Georgetown University’s Newspaper of Record since 1920

The Hoya

Georgetown University’s Newspaper of Record since 1920

The Hoya

Georgetown University’s Newspaper of Record since 1920

The Hoya

Strasbourg, France


In the television show “30 Rock,” there is a scene in which Liz Lemon (Tina Fey) has to get rid of her favorite sandwich before going through airport security, so she shoves it all in her mouth and shouts, “I can have it all!” I was reminded of this scene while traveling through Greece, and it quickly became an analogy for study abroad that I just couldn’t shake. The relevance that this scene holds for my life abroad takes two forms: First, I have also consumed my fair share of salami and Brie sandwiches on baguettes, and second, “I can have it all!” has become the theme of my semester. I constantly find myself trying to bite off as much as I can, as fast I can, all while it steadily feels like I’m running out of time.

This semester I have been studying abroad in Strasbourg, France. Although Strasbourg has become my home away from home, it took a while to get comfortable with the culture. France can be very bureaucratic, especially academically. For example, registering for classes was a bit of a nightmare since only limited information can be found online. My first few weeks abroad were spent trekking around Strasbourg looking for people who could help me address my scheduling issues.

It also took a while to get adjusted to the academics themselves. Instead of reading outside of class, students copy down, word-for-word, everything that the professor says and use their notes as a textbook. Since all of my classes are in French and it can be hard to understand everything, I’ve had to ask French students to send me their notes, which is incredibly useful for comparative purposes. Still, my French has been improving, and one of the highlights of my time has been people mistaking me for a French woman. My efforts at speaking the language have also helped me to make French friends. All of the students from Georgetown tend to hang out together, but branching out is important too. I had to be NSO-Rachel at first, but it was worth it to meet people who are not only from France, but all over Europe.

I have been particularly lucky with my host family. There are so many stories of host-families-gone-wrong, but my family has exceeded all of my expectations. This is critical, especially because the French are very family oriented and have formal lunches and dinners together every day. My host father has taken me to an interesting work event, my host mom has taught me to make Quiche Lorraine and my 16-year-old host brother frequently discusses “Breaking Bad” and the Black Keys with me while helping me bake cookies. My host family has gone above and beyond to make sure that I am living at home, not in someone else’s.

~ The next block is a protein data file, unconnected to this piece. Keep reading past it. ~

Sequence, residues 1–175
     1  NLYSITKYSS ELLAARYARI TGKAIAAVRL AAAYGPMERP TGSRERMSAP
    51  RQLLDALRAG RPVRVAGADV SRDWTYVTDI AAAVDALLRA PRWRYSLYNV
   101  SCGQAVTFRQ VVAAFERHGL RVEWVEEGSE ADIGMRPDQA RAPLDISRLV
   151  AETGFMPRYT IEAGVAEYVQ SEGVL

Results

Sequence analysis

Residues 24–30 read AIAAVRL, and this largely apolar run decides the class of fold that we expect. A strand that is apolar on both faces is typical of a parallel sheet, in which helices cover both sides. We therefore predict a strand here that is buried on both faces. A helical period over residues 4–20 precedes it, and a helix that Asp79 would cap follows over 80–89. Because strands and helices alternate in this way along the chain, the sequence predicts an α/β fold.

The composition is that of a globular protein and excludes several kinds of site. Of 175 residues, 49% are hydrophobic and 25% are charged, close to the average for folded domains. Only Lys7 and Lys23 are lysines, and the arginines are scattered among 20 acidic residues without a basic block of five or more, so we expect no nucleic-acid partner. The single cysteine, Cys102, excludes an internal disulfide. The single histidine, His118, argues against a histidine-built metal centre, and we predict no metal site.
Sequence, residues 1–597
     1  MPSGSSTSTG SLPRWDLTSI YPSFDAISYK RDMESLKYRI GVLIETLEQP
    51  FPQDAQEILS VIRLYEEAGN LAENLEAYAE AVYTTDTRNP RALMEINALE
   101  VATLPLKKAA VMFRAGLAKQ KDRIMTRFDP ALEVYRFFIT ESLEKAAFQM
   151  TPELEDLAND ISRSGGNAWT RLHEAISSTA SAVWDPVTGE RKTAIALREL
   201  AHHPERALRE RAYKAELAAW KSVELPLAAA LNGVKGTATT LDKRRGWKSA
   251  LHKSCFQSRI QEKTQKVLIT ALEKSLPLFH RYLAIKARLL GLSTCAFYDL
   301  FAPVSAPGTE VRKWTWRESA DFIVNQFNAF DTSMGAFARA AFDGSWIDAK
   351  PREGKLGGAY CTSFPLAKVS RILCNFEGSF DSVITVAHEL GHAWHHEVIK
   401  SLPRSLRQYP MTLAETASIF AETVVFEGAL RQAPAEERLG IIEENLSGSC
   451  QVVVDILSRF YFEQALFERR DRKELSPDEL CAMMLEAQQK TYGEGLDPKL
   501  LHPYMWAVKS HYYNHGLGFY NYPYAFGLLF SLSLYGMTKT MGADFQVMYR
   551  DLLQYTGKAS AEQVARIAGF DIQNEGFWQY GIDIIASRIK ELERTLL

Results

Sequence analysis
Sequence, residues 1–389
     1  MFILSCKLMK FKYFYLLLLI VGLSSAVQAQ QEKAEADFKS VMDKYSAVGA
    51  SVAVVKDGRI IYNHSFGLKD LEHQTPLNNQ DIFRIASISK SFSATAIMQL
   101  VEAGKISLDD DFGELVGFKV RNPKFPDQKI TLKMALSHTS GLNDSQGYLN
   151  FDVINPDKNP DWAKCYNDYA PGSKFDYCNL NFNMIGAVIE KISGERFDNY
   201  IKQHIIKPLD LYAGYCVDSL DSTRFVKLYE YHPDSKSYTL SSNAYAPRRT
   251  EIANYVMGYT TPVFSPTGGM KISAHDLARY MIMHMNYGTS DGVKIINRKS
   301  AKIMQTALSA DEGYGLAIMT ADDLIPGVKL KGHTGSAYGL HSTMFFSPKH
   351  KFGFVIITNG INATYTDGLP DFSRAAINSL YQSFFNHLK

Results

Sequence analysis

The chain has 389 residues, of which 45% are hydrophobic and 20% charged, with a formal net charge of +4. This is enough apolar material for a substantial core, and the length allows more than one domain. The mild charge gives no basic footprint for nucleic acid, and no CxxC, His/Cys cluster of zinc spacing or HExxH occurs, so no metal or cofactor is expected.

Strasbourg is a small city centered around a main cathedral with the city center itself circumvented by the Ill, a river. Known also for Petite-France – a beautiful area along the river – Strasbourg is composed of winding cobblestone roads and colorful buildings with exposed beams. While I’ve been here, I have spent most of my time wandering around and drinking cafe. The Georgetown students have all become regulars at Taverne Française, our favorite cafe and study spot. I’ve been able to indulge in some of the cultural opportunities as well, such as seeing a ballet at the local opera house, where everyone wore polar bear suits while dancing. I’ve picked up biking since I’ve been here because the city is very bike friendly. Although I am not the planet’s worst biker, I seem to have a knack for getting yelled at – an old woman once actually whacked me with her purse on purpose. But regardless of the slightly hostile locals, I’ve been able to casually bike to Germany, and on other days, have taken trips to nearby villages, chateaus and mountains.

Being in Europe has provided me with a panoply of opportunities to travel to nearby countries over the weekends. Highlights include a hot air balloon ride in the Cappadocia region of Turkey and a hike to the tops of the mountains by the Norwegian fjords. Now that winter is coming, however, I’m looking forward to just settling into Strasbourg and waiting for the highly anticipated Christmas markets. The lights, booths and enormous tree have begun to appear, and soon enough the famed markets will bring more good food and interesting trinkets to the city.

The stories of the almost magical study abroad experience are true for me, but going away for a semester has also taught me not to take many aspects of Georgetown for granted. I appreciate things like having a campus community with a great variety of clubs and activities, taking classes in my major and minor field areas, having class discussions, getting to know the professors and receiving the support  from the administration are even more appreciated after my time abroad. I miss Georgetown and the people there every day, and yet I have trouble imagining myself leaving France to go back. I’m torn.

I have enjoyed every minute of this study abroad experience, and I do feel like I was able to have it all, at least as much as I could possibly have over the course of four months. While France has been an experience to devour, it has also taught me to treasure even more all that Georgetown has to offer, and all that it has given me thus far.

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